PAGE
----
By Kirk Petersen

In unusually harsh language, the Archbishop of Canterbury has “condemn[ed]” as “unacceptable” a recent statement by the Archbishop of Nigeria on human sexuality — thereby raising the stakes in what started as a disagreement between the Nigerian primate and the Anglican Church in North America (ACNA).

Archbishop Justin Welby’s comments on March 5 were in response to Nigerian Archbishop Henry Ndukuba’s contention that “The deadly ‘virus’ of homosexuality has infiltrated ACNA. This is likened to a Yeast that should be urgently and radically expunged and excised lest it affects the whole dough.”

“I completely disagree with and condemn this language,” Welby stated. “It is unacceptable. It dehumanises those human beings of whom the statement speaks. I have written privately to His Grace The Archbishop to make clear that this language is incompatible with the agreed teaching of the Anglican Communion.”

The relationship between Canterbury and Nigeria has been fragile for years. Nigeria was one of three African provinces of the Anglican Communion that announced a boycott of the decennial Lambeth Conference, which had been scheduled for the summer of 2020. The conference has been pushed back to 2022 because of the pandemic.

The Church of Nigeria is the largest member of GAFCON, the global orthodox Anglican movement that has been building an identity separate from Canterbury. With 18 million members, it is also the largest province in the Anglican Communion, aside from the Church of England.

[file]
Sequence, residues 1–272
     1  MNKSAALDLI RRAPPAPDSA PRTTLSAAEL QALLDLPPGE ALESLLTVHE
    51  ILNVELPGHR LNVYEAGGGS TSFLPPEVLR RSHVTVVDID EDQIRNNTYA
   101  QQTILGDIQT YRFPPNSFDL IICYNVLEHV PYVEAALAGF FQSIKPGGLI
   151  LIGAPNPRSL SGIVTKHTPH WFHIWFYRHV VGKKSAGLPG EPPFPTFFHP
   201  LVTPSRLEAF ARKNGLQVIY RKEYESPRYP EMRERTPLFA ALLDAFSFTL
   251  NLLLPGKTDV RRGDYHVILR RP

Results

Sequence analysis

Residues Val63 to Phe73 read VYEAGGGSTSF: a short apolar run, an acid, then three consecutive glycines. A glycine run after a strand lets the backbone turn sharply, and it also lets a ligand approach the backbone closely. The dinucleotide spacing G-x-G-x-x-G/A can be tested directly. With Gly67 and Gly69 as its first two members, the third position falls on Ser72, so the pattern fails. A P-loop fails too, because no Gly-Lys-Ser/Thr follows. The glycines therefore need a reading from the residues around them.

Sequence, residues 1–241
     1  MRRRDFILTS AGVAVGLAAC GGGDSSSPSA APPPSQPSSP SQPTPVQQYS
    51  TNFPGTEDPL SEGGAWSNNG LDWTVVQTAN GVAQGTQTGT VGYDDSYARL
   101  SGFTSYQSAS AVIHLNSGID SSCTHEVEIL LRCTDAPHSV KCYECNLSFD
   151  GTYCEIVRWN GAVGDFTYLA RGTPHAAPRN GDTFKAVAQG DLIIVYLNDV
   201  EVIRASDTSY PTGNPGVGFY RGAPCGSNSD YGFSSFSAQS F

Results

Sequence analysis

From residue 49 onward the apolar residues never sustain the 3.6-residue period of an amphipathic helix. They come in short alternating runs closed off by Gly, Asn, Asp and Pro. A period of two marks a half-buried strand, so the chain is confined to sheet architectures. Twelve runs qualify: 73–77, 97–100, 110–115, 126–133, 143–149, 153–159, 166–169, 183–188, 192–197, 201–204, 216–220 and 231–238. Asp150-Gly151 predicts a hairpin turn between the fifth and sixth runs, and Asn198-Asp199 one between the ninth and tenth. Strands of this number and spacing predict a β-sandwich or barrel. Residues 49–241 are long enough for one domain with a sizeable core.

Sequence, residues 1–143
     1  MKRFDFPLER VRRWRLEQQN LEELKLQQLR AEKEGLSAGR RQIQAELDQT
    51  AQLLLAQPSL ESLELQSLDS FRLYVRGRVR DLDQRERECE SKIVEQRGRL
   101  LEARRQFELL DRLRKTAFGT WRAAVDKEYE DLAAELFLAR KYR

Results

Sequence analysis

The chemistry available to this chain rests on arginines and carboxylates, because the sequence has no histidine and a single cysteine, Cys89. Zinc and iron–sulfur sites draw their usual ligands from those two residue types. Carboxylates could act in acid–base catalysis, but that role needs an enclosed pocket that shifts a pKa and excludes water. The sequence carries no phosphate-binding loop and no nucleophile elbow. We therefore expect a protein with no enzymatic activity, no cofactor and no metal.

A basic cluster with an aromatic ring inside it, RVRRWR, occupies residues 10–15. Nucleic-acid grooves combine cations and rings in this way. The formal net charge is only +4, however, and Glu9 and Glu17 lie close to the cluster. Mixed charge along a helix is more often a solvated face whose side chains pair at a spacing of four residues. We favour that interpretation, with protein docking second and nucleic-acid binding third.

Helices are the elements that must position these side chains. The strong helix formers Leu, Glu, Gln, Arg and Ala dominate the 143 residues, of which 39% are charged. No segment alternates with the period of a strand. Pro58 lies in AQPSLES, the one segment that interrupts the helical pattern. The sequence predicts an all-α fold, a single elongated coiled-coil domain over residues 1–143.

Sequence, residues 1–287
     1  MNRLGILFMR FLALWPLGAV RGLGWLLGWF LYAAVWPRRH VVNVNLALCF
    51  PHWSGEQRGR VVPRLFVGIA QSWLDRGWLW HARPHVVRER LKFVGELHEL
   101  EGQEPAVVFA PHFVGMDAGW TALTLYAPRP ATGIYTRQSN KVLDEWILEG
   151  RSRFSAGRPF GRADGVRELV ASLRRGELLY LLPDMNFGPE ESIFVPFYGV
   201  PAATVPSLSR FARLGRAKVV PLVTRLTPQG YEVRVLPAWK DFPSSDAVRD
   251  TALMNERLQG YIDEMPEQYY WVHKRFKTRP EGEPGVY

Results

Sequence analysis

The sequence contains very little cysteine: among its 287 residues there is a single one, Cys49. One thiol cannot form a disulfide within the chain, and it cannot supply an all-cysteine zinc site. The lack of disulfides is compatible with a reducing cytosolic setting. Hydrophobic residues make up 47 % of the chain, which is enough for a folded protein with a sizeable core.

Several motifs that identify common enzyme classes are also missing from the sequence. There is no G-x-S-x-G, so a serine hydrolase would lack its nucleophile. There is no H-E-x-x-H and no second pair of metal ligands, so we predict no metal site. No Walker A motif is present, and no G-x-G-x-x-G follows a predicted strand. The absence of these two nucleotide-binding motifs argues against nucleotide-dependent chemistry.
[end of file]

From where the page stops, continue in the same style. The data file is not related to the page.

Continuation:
ACNA is another influential member of GAFCON, even though at 130,000 members it is tiny compared to Nigeria and other GAFCON provinces. ACNA’s Archbishop Foley Beach currently leads GAFCON’s Council of Primates, and thus ACNA and the Church of Nigeria would appear to be key allies.

But Archbishop Ndukuba’s statement accused ACNA leadership of being “palliative, weak, and unwilling to discipline the erring bishops and priests” who expressed disagreement with the recent pastoral statement by ACNA bishops on sexuality and identity. The carefully worded 3,700-word pastoral statement rejected the term “gay Christian,” arguing that homosexuality is a temptation to sin, not an identity. The bishops proposed “Christians who experience same-sex attraction” as an alternate term. The international controversy erupted after a bishop and multiple priests in ACNA signed and briefly posted online a “Dear Gay Anglican” letter, written by a celibate gay ACNA layman, that positioned gayness as an identity, while affirming ACNA’s “continued commitment to a traditional sexual ethic.”

In response, Ndukuba wrote “A Gay is a Gay, they cannot be rightly described otherwise,” and fired a warning shot across ACNA’s bow: “ACNA was formed by GAFCON, as a safe haven for faithful Christians who reject the apostasy and rebellion in TEC (the Episcopal Church). They should not now find in ACNA the aberrations which drove them from TEC.”

Ironically, all parties to the dispute agree, at least officially, that homosexual acts are contrary to Scripture. Even Welby, while citing a 1998 Lambeth Conference resolution denouncing homophobic language, noted that it “restated a traditional view of Christian marriage.”

All of this is in sharp contrast to the Episcopal Church, which now has five gay and lesbian bishops and authorizes same-sex marriage rites throughout the Church.